Surrealist Doodle

Surrealist Doodle
This was used as the cover of Karawane in 2006 and I have included it in on a number of bags and postcards over the years. Someone on the subway asked me if it was a Miro. I was very flattered!

Sunday, December 11, 2016

Thought Language Language Thought Thought Thought Language Language Thought Writing

Week 11 - Language and Writing


It is impossible, or nearly impossible, for me at least, to talk about writing without talking about language. The two for me go hand-in-hand. I think of language as the atoms of writing.


After at least a century of searching actively for a revolutionary function of poetry, (why) have we given up? (why) have we abandoned the incomplete experiments of the past? Where and how can poetry function uniquely, in other words, what are the unique functions of poetry, as a revolutionary practice? I prefer instead to think of the avant garde as the “first wave,” the ground work of consciousness, preparing the field. The change of consciousness, overused and virtually emptied of meaning as that idea may have become, is what necessarily must predate genuine social change. It is not up to poets (or even activists, politicians or “leaders”) to proscribe where that change needs to go, but to empower the imaginations around us to imagine something new, to dream our way out of the current world, which works only for a very few people.


To restructure language is to restructure thought, to restructure possibilities. To scramble, if not permanently, which is impractical and will not lead to the world we want, but temporarily, the world as we (think) we know it, the language that binds us to the now, to put new ideas, new juxtapositions into play, new planets into orbit. This is the revolutionary work of the poet.


To. . . . . remake . . . . . language. . . . . to . . . . find. . . . . .new
. .. .creative . . . . .imagistic . . . . .practices . . . . . of language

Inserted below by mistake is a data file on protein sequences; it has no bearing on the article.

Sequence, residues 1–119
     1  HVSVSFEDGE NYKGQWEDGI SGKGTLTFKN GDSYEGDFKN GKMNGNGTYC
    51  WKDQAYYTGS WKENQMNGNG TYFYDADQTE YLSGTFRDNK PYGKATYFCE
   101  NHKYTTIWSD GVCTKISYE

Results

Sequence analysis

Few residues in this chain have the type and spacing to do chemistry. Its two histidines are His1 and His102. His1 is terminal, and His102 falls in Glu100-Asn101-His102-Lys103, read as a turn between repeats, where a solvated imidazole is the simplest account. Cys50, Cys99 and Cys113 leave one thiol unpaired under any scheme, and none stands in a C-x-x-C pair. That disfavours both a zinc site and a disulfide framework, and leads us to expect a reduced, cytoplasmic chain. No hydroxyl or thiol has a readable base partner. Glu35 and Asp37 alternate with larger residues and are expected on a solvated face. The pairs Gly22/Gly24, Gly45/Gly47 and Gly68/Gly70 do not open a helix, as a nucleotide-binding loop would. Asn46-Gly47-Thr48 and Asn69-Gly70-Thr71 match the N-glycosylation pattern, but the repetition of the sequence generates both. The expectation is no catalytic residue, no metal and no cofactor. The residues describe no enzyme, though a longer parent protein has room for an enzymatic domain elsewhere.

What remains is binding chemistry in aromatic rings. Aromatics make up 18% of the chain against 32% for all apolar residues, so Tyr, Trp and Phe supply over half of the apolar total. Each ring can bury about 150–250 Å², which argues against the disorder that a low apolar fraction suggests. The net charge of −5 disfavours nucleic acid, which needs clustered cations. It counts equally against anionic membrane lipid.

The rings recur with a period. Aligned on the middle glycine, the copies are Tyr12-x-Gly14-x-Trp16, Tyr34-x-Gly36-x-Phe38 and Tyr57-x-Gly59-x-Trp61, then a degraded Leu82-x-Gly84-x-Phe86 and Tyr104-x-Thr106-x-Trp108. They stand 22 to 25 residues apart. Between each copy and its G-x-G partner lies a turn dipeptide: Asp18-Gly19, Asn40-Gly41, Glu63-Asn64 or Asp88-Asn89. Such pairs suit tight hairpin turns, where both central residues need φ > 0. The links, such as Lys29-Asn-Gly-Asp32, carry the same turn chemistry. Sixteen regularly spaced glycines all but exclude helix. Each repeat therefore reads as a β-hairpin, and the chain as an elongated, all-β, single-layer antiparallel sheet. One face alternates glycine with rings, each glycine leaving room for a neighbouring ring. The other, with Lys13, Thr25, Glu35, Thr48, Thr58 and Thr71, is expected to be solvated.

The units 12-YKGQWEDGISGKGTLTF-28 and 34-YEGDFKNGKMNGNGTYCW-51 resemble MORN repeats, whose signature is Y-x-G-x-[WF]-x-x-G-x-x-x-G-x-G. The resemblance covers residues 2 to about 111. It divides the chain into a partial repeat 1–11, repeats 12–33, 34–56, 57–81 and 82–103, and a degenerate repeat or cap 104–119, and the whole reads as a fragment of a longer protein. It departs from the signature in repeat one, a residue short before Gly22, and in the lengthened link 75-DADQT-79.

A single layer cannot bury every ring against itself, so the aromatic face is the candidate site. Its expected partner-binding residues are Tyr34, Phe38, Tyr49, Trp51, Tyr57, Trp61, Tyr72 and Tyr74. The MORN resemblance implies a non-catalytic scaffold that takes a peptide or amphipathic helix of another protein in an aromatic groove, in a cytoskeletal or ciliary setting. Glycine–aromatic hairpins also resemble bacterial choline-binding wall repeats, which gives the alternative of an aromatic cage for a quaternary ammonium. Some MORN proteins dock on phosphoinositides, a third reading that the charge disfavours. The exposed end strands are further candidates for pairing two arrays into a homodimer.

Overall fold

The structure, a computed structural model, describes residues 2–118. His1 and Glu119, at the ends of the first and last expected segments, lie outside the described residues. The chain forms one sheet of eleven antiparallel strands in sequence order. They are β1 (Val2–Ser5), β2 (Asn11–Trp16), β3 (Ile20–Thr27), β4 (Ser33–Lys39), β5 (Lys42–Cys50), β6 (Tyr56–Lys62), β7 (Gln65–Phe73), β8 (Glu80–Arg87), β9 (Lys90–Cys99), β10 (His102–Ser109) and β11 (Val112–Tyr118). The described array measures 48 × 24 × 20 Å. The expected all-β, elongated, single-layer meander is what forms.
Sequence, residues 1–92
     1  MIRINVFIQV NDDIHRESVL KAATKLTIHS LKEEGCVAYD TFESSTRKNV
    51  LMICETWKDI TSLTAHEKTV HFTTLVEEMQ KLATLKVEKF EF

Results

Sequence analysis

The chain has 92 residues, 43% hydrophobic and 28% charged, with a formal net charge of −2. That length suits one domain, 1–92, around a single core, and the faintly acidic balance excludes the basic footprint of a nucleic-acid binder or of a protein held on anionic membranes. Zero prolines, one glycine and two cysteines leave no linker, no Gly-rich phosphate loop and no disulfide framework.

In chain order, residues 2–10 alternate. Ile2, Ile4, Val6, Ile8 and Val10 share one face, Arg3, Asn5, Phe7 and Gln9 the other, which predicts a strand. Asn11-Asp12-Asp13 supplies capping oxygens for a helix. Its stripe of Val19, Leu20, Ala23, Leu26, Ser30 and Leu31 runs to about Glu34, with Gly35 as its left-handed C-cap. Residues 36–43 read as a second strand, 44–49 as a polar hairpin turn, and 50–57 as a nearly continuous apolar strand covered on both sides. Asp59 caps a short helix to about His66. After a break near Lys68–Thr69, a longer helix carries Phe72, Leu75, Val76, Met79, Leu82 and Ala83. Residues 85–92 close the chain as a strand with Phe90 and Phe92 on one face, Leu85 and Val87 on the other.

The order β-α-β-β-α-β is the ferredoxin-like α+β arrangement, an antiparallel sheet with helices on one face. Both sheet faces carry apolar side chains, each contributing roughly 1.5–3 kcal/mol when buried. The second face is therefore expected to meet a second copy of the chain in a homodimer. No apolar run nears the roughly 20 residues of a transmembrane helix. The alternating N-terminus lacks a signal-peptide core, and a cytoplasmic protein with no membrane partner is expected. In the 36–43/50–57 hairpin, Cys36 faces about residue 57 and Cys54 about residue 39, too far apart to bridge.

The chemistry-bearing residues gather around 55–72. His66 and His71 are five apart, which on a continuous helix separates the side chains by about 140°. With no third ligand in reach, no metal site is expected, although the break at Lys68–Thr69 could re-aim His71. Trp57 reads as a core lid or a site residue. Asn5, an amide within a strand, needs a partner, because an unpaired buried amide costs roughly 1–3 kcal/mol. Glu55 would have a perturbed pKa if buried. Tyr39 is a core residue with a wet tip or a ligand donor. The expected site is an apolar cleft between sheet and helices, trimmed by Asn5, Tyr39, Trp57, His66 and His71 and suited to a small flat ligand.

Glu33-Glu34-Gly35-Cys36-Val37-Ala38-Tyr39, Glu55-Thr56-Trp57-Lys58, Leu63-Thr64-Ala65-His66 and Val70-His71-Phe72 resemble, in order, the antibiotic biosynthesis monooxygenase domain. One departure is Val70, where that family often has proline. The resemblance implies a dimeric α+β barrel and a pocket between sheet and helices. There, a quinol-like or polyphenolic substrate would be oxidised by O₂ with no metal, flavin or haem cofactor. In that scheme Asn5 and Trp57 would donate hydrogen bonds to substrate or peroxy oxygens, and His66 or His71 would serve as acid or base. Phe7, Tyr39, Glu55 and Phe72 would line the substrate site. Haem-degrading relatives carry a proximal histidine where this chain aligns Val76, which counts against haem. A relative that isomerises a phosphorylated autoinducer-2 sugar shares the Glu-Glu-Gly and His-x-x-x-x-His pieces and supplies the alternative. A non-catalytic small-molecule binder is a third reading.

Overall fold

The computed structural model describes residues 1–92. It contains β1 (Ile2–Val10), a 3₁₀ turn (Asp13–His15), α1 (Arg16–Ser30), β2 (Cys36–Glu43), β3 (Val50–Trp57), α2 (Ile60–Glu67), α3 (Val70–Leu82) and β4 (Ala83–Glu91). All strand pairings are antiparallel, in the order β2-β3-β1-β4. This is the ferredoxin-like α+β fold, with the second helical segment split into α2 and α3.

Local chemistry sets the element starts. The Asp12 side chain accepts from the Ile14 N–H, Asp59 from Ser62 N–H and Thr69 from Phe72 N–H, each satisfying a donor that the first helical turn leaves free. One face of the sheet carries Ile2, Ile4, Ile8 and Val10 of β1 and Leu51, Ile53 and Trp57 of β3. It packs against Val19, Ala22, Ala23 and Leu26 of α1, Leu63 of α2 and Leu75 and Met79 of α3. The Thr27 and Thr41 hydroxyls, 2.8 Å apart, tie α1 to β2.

. . . . is to make . . . . . .resistance . . . possible . . . . . . to move us
. . . . . . toward our vision . . . . . . . . . . . . . . to have visions
. . . . . . . . . . . . . . . . never . . . before . . . . possible


I am talking here about a language that speaks outside of the dominant discourse, whether racialized, patriarchal, class-based, etc., an un-discourses or non-discourse, a paradiscourse, that brings with it the chance to step outside, run alongside, that does not attempt to use the tools of power that already exist, but to forge new tools that could create new structures, new edifices not previously imagined. The techne, the tool, in many ways prescribes what can be built. We know that with new technology new ways of thinking emerge.  So why would we not want new mental and imaginative linguistic tools of our own?  As Sol Lewitt says, “rational thoughts repeat rational thoughts.” The way we think perpetuates itself, we continue to think only in the ways we've always thought.  I'm not looking then for a feminine language per se, except insofar as it might offer a resistive language, a paralanguage that we can frolic in and search for something unknown, a Dada language a non-sense that leads to sense a zaum a de-formed formalism that will birth new forms. 

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